The distribution of new money through a national dividend is therefore a means of increasing the country's money supply when needed and of placing this money directly into the hands of consumers.
But, to be of benefit to the consumer, this distribution of money must represent a true increase of the consumer's purchasing power.
Purchasing power depends on two factors: the amount of money in the buyer's hands and the sale price of a product.
If the price of a product goes down, the consumer's purchasing power goes up, even if the amount of money is not increased. If I have $10.00 with which to purchase butter and if the price of butter is $2.50 a pound, I have in my hands the power to buy four pounds of butter; if the price of butter is lowered to $2.00 a pound, my purchasing power goes up and is equal to five pounds of butter.
On the other hand, if the price goes up, it negatively affects the consumer's purchasing power and, in that case, even an increase in money can lose its effect. Thus, the worker who earned $200 in 1967 and who earned $400 in 1987 will have lost out because the cost of living had more than doubled within those twenty years. In 1987, one needed at least $772 to buy what one could have purchased with $200 in 1967.
This explains why the increases in salary, so strongly advocated by workers, do not succeed in providing a lasting improvement, because the prices of products are increased accordingly. The employers do not create money, and if they have to spend more to pay their workers, they are compelled to sell their products at higher prices in order not to go bankrupt.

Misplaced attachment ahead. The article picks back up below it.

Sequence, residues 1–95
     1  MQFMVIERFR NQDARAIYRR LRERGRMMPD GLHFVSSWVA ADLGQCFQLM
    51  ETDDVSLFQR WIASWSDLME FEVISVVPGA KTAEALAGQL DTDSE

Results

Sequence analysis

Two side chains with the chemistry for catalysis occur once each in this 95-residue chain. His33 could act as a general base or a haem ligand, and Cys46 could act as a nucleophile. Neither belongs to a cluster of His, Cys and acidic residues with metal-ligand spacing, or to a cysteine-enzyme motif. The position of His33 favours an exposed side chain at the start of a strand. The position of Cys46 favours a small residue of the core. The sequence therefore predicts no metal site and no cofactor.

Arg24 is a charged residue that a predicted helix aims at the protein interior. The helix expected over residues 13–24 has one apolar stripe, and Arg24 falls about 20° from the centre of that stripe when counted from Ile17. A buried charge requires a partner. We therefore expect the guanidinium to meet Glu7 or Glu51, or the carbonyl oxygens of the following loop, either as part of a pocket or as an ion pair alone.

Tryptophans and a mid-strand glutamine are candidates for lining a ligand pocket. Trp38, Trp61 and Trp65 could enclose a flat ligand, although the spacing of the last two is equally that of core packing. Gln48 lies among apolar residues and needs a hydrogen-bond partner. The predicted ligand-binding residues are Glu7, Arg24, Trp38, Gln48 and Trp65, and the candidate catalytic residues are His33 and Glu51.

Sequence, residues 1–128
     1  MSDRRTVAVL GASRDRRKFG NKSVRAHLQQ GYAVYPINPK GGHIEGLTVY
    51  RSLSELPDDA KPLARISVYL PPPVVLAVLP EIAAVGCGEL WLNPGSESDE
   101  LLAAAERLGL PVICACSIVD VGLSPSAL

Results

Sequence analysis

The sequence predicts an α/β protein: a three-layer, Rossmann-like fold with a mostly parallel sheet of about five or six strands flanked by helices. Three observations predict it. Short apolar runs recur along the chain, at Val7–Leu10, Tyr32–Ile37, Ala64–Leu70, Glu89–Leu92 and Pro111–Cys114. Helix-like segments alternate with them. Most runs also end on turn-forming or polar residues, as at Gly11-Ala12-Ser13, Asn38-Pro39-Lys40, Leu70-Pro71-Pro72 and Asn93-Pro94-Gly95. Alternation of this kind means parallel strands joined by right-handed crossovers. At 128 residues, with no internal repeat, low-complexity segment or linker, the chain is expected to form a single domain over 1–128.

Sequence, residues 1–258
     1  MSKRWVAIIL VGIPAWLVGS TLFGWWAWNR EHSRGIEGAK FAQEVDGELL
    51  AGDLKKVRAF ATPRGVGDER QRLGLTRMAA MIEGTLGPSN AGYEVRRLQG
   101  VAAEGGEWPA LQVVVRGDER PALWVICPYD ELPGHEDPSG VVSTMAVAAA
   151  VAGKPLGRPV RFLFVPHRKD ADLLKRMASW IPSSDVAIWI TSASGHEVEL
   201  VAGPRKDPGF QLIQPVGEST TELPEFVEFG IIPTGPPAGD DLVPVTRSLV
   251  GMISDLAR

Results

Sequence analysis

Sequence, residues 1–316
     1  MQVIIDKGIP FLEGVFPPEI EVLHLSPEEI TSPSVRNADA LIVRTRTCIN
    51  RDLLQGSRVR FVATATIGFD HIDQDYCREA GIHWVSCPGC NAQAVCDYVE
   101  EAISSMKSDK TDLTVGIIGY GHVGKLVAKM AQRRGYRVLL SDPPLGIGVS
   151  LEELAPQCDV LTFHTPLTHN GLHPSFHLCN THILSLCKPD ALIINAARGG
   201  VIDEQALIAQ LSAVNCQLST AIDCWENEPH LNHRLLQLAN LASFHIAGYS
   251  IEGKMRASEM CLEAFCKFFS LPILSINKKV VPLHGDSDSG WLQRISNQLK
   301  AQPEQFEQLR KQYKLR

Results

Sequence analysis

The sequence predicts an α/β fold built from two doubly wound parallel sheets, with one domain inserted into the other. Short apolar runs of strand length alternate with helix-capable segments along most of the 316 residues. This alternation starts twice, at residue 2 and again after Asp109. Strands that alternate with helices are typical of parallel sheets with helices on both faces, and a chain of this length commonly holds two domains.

The national dividend is not included into prices since it is made up of new money which is distributed by a Government Agency, outside of work.
However, with more money in the hands of the public, retailers might be tempted to increase the prices of their products, even if these products did not cost them more to produce.
A monetary reform which does not prevent unjustifiable price increases would not be complete. It could even become a catastrophe by letting inflation run free.
The arbitrary setting of prices, by imposing a general upper limit on them, can also achieve a prejudicial effect by discouraging production; and lowering production is the surest way of pushing prices up. The legislator thus achieves the opposite of what was sought: inflation is let loose in trying to fight it. To escape legal sanctions, people then resort to the black market which also furthers inflation.
Social Credit offers a technique to prevent inflation: the “adjusted price” or "compensated discount" technique. This would be part of the process by which money is issued. Total purchasing power must be kept equal to the total production being offered.
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